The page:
This woman had written "Why We Choose Public School", a potentially controversial topic for a group of very conservative women, and in the blogosphere, it seems more of the stay-at-home set are homeschoolers as well. A comment had been left by someone saying that the blogger was just taking the easy way out and ignoring God's mandates in how she should rear her children. Poor girl. There were many more positive comments, so I hope the blogger felt more encouragement rather than bashing.
I feel I see both sides. I was educated in one of the best school districts in the state of South Carolina and was very well prepared for college. I chose to go to an incredible private, Southern Baptist college, but being an elementary education major I felt more prepared to teach in the public school system than anywhere else. My professors taught me to live and die by the state and national standards as I prepared lesson plans, though I did have an "educate the whole child" mentality. I worked a few long-term subs in public schools since I graduated in December, but ultimately signed a contract and taught two years in a private, Christian school in Louisville, Kentucky.
Teaching first-graders in a private school was an eye-opening experience for me. These were not just wealthy children, but many of the parents were struggling to put their kids in a Christian school because they believed it was what was best for their families. I've come to see now it is much more affordable to homeschool than to try a private school route. I did have one parent in those two years I did feel was just paying me to do all of the teaching, nevermind that he also needed help at home every day, but on the whole, I had parents who worked with me strongly. And for me personally, it was great practice for parenting to be able to use scripture to correct and train children's hearts, not just their minds, something I didn't have the opportunity to do in public school.
I do believe there's a large segment of parents choosing public school because it is the easiest route to take. I do not ignore that many of those parents are not eduating their children in many Christian disciplines. That's inexcusable.
Right now, my oldest daughter is in public school. I expect that will change over the next couple of years, but today, I am happy with public school. I've written about the ways it has been blessing for us in the first year. Still, homeschooling is likely on the horizon, but I may write about the reasoning for that when we start.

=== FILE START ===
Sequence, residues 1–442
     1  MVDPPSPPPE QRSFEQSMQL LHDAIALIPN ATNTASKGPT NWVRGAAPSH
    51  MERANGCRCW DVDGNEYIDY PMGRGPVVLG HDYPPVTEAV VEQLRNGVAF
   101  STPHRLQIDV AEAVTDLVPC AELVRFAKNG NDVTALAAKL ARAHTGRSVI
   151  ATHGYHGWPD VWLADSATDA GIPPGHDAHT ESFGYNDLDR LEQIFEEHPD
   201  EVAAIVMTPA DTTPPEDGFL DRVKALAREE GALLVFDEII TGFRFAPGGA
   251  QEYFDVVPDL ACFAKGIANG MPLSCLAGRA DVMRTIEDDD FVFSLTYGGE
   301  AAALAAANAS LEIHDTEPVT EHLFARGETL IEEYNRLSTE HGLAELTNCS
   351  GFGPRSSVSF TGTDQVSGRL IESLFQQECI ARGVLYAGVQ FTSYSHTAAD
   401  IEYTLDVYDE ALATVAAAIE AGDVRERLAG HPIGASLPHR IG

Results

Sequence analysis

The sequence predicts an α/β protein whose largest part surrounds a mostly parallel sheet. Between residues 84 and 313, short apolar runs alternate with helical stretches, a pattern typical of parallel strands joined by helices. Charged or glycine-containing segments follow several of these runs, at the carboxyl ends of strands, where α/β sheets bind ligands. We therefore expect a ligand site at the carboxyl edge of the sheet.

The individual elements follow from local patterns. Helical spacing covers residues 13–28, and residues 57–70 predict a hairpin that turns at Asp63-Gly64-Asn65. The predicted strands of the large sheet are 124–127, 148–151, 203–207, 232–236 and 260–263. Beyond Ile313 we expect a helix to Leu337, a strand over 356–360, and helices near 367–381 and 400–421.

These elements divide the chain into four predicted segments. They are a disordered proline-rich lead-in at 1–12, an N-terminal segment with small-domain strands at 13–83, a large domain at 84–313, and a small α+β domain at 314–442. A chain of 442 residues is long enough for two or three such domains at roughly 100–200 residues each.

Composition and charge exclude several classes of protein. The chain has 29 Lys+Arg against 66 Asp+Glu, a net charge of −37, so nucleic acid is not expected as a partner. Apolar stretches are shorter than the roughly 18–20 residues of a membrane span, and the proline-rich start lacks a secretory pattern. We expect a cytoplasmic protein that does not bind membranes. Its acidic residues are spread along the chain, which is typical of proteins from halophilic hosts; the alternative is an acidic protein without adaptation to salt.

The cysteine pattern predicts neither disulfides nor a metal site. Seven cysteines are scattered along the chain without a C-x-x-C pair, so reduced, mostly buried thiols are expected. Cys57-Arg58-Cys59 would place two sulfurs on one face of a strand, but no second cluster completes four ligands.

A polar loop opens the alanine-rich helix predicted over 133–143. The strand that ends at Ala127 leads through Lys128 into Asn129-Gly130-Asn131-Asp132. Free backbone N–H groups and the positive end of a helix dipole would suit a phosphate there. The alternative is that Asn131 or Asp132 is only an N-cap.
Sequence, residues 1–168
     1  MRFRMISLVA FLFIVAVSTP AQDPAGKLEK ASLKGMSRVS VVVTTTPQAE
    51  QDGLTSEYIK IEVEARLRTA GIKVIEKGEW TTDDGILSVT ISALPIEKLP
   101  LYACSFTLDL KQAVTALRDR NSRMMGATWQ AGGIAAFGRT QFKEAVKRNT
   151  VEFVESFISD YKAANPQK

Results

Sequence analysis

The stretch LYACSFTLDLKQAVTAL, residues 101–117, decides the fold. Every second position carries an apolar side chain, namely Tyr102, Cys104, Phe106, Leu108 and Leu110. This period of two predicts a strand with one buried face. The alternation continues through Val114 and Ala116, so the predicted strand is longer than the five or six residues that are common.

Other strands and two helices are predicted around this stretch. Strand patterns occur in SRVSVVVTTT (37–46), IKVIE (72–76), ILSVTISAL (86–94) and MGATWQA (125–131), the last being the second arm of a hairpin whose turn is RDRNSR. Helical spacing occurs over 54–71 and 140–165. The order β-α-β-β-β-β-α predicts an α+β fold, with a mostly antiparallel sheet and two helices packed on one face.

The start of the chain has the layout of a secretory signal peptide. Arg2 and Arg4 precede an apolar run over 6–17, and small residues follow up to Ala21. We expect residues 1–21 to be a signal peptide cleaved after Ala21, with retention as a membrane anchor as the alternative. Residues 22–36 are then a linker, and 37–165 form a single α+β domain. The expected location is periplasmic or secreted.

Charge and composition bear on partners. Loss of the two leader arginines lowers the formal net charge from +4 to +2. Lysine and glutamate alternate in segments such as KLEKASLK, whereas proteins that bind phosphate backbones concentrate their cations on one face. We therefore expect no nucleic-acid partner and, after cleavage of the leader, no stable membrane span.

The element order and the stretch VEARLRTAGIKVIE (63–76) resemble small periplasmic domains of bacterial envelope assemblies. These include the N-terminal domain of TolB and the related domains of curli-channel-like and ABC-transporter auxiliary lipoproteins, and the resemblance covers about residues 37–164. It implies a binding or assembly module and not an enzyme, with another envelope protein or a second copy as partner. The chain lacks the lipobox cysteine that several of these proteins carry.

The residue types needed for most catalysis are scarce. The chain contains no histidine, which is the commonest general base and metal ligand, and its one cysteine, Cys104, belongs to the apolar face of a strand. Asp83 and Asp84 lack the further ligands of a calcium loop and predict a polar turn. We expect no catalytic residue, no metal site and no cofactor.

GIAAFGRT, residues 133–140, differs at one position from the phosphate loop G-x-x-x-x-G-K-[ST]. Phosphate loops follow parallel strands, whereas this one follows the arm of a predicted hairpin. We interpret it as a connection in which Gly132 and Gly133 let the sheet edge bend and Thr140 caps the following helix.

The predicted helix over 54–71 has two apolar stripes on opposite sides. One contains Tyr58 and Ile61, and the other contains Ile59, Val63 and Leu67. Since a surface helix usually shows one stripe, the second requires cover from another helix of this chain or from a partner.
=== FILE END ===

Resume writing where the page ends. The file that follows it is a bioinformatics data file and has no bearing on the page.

Until then, I'll do what I can to be involved while I "homeschool preschool" my three others at home. Here is a way my involvement in my oldest daughter's education has worked in a situation in this last week. I've decided to call her Princess M to make explaining easier.
Princess M and her classmates were given stickers to use in a picture and use as a writing prompt. Princess M told her teacher she did not want the Halloween sticker because we don't celebrate Halloween in our family. Not being with me at all times has at least twice now, that I'm aware of, given Princess M the opportunity to make decisions in the way in which she was trained. I'm proud of that. Instead, Princess M got a sticker of a seashell and still was able to write a story.
This little conversation with her teacher prompted her teacher to ask me what she could do to make sure Princess M wasn't left out and that we were not offended in any way. Good teacher. By the way, we don't require any special care. Princess M will throw away anything she's given with a skull on it. A mere pumpkin is not offensive. The teacher also let me know of a unit the first-graders would be studying in art. I didn't care for it at all, and addressed my concerns with the art teacher in a kind manner, letting her know that Princess M would not be in art as that particular unit was studied, but that I would be happy to work with her using the same techniques and medium that the other students would be using. The art teacher appreciated my willingness to do the extra work on my part, but just decided instead to do a different unit.
This week, I am thankful that other parents with the same types of concerns as mine, but who must work outside the home and may not be able to homeschool their children, can work with the school system. If we always keep the lines of communication positive with teachers whether in public or private schools, we can be a part of educating our children. We can still be the ones who pray with, teach Bible to, and disciple our children should we not be able to homeschool. AND, I am so thankful God enabled me to be home with my children in their most formative years so that when they do need to make decisions without me around, their world view is like this: (in the words of Princess M) "Why do they celebrate Halloween?", not "Why don't we celebrate Halloween?" - She doesn't feel she's missing out at all.
*We'll be celebrating Reformation Day October 31.
*Linking up to Gratituesday: